On the other hand, the “too” sweet, saccharine blandness of musical boxes can make them overly or creepily sentimental, and their unsavory social origins (they were associated with the vice of snuff) allow them to be associated with crime as well. Durgnat uses Jean Renoir’s La Règle du Jeu [The Rules of the Game] as an example, in which an aristocrat “expresses his basic spontaneity of soul by enthusing over the latest acquisition to his collection of musical boxes: a huge elaborate Dutch street organ. But its sound acts as background to an attempted crime passionnel, as, again, in Hitchcock’s Strangers on a Train the carousel organ plays, ‘And the band played on . . .’ as a brutal strangling takes place” (p. 231). Hence in Harry Potter and the Order of the Phoenix, there is a sinister musical box that can induce eternal sleep when its music is played. In The Road Warrior (aka Mad Max 2), the Max character played by Mel Gibson uses a musical box to become friends with a strange, seemingly mute child referred to as the Feral Kid. A past crime is signaled by musical boxes in Sergio Leone’s For a Few Dollars More, in which a murderer betrays his identity by having a pocket watch that is also a musical box that plays a distinctive tune. In Luis Buñuel’s Ensayo de un Crimen [The Criminal Life of Archibaldo de la Cruz], a musical box also plays a crucial role. An ornate musical box in the form of a monkey with Persian robes playing the cymbals is featured prominently in Andrew Lloyd Webber’s The Phantom of the Opera. In Japan, where musical boxes are quite popular, the Sankyo Seiki company has specialized in the manufacture of musical boxes which are extremely intricate (there is an entire “Music Box Collection” from Japan consisting of several CDs, generically referred to as “J-Pop,” available on iTunes).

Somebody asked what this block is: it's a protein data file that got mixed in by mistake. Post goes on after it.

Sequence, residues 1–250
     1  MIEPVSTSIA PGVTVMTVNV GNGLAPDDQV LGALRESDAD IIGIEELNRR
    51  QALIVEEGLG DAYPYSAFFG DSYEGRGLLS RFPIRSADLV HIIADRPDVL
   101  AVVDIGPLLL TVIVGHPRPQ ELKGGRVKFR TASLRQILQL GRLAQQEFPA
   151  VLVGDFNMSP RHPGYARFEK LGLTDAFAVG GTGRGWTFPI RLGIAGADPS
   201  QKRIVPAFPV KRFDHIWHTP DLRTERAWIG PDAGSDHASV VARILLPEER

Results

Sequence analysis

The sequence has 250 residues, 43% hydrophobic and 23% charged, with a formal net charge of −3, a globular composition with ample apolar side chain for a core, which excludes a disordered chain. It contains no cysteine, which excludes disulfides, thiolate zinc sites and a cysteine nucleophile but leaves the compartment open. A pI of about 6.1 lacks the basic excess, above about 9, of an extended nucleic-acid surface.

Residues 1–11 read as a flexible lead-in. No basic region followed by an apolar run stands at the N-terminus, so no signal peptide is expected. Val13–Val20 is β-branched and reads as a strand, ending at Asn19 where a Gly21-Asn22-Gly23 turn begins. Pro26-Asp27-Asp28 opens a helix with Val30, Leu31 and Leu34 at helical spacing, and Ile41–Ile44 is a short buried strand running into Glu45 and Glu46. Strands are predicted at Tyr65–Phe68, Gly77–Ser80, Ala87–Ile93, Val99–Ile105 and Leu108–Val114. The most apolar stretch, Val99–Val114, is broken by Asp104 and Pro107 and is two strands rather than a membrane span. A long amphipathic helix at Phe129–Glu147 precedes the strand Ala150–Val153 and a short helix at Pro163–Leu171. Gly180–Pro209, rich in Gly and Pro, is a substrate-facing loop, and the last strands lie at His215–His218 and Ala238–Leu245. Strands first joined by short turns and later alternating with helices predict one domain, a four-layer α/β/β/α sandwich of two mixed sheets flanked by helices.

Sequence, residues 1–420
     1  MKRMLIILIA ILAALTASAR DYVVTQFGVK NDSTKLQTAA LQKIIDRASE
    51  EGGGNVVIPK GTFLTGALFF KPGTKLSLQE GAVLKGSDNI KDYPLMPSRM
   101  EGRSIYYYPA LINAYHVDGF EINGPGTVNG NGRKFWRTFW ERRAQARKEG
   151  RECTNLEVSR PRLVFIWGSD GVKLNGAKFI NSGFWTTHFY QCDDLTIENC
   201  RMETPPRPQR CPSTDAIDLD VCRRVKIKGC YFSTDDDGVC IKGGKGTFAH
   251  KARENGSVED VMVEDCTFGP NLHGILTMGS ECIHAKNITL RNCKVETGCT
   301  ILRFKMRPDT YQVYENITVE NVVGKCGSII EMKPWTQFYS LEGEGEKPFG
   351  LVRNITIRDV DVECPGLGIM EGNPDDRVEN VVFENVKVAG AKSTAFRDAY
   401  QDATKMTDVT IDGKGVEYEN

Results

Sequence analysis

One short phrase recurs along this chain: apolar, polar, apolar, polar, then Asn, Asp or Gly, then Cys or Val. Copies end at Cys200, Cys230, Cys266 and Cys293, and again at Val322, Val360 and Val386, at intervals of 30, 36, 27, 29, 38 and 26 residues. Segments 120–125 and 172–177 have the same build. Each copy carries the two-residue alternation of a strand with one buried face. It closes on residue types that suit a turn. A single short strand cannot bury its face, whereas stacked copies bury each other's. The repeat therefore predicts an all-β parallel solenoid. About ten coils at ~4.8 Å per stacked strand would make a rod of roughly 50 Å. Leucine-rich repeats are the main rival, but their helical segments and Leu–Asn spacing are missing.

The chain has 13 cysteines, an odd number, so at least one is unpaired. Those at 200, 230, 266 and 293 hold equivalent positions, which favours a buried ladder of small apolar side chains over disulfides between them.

Pop songs incorporating the musical box are rare, but when its used is it is often memorable. The musical box has also been used as inspiration for a few songs as well, e.g., Genesis’ “The Musical Box” from Nursery Cryme (1971). Here are a few songs inspired by the musical box, or incorporating it into the music.